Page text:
Rep. John Culberson (R-TX), chairman of the House committee that oversees Justice Department funding, has proposed increasing a program aimed at reducing state prison populations and recidivism that the Trump administration wanted to kill. The chairman also sought a small reduction in the FBI budget, plus increases for immigration judges and the Trump-supported Project Safe Neighborhoods program.
Former parolees in a Syracuse, N.Y. pilot program lead efforts to help individuals returning from prison adjust to civilian society and reunite with their families. It’s an uphill task that often starts with finding a place to live.
Attorney General Jeff Sessions has named David Muhlhausen to head the Federal Interagency Council on Crime Prevention and Improving Reentry (FIRC), established last month as part of the administration’s efforts to bring down recidivism rates. Muhlhausen was appointed director of the National Institute of Justice last year.
A Texas woman on probation said she had no idea that she was breaking the law by voting, and got a five-year prison term. Critics say that restrictions on felons’ voting rights keep away eligible voters.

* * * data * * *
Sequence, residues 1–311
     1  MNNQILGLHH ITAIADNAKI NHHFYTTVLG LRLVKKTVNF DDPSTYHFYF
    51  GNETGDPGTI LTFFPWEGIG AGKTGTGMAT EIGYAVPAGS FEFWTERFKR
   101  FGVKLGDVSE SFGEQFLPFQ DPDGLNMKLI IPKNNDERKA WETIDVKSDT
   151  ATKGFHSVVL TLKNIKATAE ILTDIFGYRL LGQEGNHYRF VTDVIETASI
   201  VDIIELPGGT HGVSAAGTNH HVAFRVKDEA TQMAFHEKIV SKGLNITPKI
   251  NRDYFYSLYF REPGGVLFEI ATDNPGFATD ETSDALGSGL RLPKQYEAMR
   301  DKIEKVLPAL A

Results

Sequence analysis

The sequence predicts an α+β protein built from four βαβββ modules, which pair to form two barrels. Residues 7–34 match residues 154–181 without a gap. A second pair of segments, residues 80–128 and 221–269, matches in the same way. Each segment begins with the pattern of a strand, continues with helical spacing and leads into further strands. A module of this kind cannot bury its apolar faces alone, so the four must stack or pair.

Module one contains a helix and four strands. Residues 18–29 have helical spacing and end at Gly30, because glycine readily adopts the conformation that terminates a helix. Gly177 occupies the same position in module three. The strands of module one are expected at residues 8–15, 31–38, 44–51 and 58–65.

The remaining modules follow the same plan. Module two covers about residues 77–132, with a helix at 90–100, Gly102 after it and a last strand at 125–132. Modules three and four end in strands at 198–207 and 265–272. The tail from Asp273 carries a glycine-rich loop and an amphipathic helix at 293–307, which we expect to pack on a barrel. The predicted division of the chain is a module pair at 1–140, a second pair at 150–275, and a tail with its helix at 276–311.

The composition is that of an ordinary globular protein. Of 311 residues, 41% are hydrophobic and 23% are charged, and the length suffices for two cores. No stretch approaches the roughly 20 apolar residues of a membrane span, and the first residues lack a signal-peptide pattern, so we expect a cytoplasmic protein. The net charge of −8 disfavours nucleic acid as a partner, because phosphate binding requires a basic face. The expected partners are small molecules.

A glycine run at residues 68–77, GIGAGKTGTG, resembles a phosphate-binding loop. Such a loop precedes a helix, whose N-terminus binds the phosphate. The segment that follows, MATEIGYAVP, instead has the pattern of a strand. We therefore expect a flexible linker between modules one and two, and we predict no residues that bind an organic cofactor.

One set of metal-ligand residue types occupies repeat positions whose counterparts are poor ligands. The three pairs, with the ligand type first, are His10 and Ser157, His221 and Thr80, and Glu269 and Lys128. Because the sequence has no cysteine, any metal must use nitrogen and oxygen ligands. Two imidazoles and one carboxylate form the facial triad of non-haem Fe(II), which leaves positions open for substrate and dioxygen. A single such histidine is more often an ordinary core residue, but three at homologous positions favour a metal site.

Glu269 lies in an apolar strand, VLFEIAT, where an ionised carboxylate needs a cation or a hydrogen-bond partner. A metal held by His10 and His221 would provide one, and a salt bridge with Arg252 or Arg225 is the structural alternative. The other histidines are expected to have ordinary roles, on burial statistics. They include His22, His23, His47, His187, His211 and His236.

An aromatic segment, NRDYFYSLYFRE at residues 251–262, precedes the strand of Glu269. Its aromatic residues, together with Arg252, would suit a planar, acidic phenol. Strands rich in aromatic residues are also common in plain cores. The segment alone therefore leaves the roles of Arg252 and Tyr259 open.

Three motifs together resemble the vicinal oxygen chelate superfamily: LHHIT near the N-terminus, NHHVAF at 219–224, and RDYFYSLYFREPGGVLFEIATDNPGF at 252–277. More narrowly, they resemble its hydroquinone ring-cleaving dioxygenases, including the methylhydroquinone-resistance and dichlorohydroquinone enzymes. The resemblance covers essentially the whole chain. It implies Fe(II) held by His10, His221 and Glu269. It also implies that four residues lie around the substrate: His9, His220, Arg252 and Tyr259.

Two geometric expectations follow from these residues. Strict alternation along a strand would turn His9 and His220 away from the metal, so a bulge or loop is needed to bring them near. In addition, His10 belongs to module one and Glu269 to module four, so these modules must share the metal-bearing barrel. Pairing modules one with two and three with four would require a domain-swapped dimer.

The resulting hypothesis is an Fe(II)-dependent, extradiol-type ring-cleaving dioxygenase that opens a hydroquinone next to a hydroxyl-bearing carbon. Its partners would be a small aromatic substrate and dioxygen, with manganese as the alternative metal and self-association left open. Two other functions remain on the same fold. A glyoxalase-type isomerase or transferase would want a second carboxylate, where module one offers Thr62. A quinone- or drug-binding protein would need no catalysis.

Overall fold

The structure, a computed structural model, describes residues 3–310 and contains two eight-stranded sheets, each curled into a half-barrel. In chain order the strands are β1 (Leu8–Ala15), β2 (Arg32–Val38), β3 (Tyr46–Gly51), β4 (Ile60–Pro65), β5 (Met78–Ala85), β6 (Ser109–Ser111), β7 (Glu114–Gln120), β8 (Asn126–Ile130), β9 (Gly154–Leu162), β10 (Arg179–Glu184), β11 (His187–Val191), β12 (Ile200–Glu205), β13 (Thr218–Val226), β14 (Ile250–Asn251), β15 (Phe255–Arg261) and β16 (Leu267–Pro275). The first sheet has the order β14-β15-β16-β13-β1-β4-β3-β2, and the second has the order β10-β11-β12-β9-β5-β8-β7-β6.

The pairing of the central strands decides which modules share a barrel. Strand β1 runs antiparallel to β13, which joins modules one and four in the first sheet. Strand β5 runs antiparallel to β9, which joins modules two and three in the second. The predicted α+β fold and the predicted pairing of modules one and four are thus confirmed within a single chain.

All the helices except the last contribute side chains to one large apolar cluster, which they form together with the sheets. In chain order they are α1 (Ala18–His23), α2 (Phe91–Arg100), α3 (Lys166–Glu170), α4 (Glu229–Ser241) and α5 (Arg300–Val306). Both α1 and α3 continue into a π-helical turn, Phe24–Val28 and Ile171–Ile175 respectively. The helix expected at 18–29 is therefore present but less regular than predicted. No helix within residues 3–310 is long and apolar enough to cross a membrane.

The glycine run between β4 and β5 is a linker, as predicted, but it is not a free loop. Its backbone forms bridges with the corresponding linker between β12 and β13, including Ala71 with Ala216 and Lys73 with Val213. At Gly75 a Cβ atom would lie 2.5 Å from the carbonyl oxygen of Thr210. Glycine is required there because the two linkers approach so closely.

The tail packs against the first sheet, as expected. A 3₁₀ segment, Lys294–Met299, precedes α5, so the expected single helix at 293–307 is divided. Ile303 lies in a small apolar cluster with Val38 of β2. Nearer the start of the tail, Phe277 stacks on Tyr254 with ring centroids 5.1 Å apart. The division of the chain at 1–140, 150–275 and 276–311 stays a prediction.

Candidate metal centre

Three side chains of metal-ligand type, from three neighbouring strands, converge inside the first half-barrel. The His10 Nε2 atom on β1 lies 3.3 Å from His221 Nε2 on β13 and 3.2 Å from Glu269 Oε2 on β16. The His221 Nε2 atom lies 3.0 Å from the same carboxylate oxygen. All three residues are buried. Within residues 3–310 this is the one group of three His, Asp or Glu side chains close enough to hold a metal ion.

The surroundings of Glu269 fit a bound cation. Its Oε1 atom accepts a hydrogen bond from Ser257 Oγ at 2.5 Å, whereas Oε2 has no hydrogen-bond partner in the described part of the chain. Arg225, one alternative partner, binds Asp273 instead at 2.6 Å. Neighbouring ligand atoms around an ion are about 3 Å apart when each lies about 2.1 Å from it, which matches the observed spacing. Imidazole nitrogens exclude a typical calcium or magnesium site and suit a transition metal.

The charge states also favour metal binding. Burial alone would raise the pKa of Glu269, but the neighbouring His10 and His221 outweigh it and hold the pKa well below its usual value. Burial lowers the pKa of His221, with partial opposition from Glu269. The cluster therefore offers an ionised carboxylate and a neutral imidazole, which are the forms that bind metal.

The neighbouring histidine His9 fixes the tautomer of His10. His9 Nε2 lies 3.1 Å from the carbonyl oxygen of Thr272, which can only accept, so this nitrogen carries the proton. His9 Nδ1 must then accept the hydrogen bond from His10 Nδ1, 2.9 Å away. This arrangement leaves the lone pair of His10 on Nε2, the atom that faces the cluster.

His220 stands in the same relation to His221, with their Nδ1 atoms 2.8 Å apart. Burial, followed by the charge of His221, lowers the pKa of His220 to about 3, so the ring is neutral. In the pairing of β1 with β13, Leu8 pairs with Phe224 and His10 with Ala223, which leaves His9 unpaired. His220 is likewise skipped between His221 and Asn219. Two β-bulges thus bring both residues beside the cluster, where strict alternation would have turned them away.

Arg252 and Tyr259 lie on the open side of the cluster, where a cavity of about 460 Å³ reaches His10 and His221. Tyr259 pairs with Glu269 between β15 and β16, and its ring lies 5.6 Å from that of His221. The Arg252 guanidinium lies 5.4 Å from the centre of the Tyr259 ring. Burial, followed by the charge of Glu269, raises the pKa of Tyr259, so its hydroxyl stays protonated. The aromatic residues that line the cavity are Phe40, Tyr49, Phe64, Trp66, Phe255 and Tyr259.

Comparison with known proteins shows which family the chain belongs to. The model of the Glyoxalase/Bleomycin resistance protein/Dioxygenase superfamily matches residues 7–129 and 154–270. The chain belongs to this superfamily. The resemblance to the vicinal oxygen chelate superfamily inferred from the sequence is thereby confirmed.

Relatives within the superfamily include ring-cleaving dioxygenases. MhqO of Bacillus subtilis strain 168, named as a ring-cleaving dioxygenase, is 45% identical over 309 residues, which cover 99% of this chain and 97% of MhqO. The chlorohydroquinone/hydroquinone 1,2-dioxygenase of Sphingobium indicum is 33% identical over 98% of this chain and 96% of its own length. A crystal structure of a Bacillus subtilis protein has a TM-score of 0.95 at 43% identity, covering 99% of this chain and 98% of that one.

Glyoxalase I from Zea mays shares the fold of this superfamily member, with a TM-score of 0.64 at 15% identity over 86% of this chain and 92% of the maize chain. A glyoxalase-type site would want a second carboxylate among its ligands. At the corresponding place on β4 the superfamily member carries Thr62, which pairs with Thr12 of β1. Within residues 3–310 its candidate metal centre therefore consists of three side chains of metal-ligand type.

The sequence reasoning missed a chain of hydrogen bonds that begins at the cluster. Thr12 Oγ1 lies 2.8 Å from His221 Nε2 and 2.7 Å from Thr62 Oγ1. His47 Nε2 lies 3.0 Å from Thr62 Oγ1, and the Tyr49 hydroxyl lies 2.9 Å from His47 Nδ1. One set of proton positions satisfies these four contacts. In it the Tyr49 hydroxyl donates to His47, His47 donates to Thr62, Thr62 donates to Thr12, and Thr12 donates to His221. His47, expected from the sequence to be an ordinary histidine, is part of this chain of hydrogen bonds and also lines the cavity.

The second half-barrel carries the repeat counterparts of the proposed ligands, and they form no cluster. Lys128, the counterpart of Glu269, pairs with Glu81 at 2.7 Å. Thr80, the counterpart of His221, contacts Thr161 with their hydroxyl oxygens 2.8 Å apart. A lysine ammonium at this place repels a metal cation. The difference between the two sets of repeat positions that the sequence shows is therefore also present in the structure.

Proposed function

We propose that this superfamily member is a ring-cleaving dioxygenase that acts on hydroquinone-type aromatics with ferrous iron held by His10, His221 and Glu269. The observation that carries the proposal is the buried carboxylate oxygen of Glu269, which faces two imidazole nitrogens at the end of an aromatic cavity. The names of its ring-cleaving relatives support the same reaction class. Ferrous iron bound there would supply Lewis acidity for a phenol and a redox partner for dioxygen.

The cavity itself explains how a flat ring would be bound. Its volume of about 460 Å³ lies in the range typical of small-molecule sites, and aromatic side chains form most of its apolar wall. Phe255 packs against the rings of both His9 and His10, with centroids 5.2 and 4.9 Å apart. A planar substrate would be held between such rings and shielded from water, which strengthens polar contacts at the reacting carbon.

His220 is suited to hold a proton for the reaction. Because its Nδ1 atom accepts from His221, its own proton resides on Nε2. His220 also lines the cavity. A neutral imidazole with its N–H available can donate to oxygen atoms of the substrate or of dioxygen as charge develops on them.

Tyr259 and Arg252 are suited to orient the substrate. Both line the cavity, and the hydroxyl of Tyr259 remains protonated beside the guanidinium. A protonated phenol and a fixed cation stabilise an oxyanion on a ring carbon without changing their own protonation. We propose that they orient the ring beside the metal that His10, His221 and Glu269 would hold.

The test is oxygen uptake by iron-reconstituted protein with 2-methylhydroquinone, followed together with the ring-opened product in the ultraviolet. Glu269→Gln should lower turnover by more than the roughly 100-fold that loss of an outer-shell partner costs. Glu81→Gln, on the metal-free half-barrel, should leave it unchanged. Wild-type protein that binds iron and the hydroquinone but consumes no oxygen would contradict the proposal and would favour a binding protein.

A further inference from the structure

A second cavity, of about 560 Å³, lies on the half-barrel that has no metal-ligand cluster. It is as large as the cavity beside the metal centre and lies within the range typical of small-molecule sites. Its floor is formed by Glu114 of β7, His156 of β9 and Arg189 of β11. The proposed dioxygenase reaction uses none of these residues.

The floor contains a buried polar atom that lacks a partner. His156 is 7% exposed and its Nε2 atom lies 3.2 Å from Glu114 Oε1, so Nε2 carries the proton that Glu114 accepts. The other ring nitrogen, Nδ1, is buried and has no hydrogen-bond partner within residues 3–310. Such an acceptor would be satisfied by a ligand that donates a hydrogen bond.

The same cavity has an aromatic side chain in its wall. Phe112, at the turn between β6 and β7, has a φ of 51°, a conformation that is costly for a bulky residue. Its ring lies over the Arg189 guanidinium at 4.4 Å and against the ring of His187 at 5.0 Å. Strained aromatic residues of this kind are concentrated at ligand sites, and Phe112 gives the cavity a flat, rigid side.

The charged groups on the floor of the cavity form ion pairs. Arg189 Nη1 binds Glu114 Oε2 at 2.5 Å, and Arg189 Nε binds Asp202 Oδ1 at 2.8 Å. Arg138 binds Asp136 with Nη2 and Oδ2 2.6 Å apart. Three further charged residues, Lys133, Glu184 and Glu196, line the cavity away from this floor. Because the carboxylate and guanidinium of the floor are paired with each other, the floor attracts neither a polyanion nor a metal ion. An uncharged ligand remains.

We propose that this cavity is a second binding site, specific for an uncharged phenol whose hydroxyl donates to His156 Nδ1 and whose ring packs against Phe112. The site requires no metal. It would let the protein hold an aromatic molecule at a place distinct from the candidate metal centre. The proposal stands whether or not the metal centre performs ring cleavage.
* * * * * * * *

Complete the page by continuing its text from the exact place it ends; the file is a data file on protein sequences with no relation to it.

Under an initiative inspired by the Trump Administration’s crime crackdown, the U.S. attorney in Jackson, Ms., plans to expel convicted gun offenders outside the state. But criminologists say “Project EJECT” will complicate efforts to help returning prisoners rebuild their lives.
Three inmates whose life sentences were commuted in Washington state separately went on to commit crimes after their release. The incidents should have prodded officials to tackle the structural justice reforms that would prevent them from recurring, writes an inmate in one of the state’s correctional institutions.
A Texas judge sentenced Crystal Mason to five years in prison for voting illegally in the 2016 presidential election while she was on supervised release from a fraud conviction. Mason said no one told her she was not allowed to vote.
Florida is one of four states that permanently strips the right to vote from convicted felons. A federal judge ordered Gov. Rick Scott to improve the process of restoring felon voting rights by April 26. Scott defended the current system.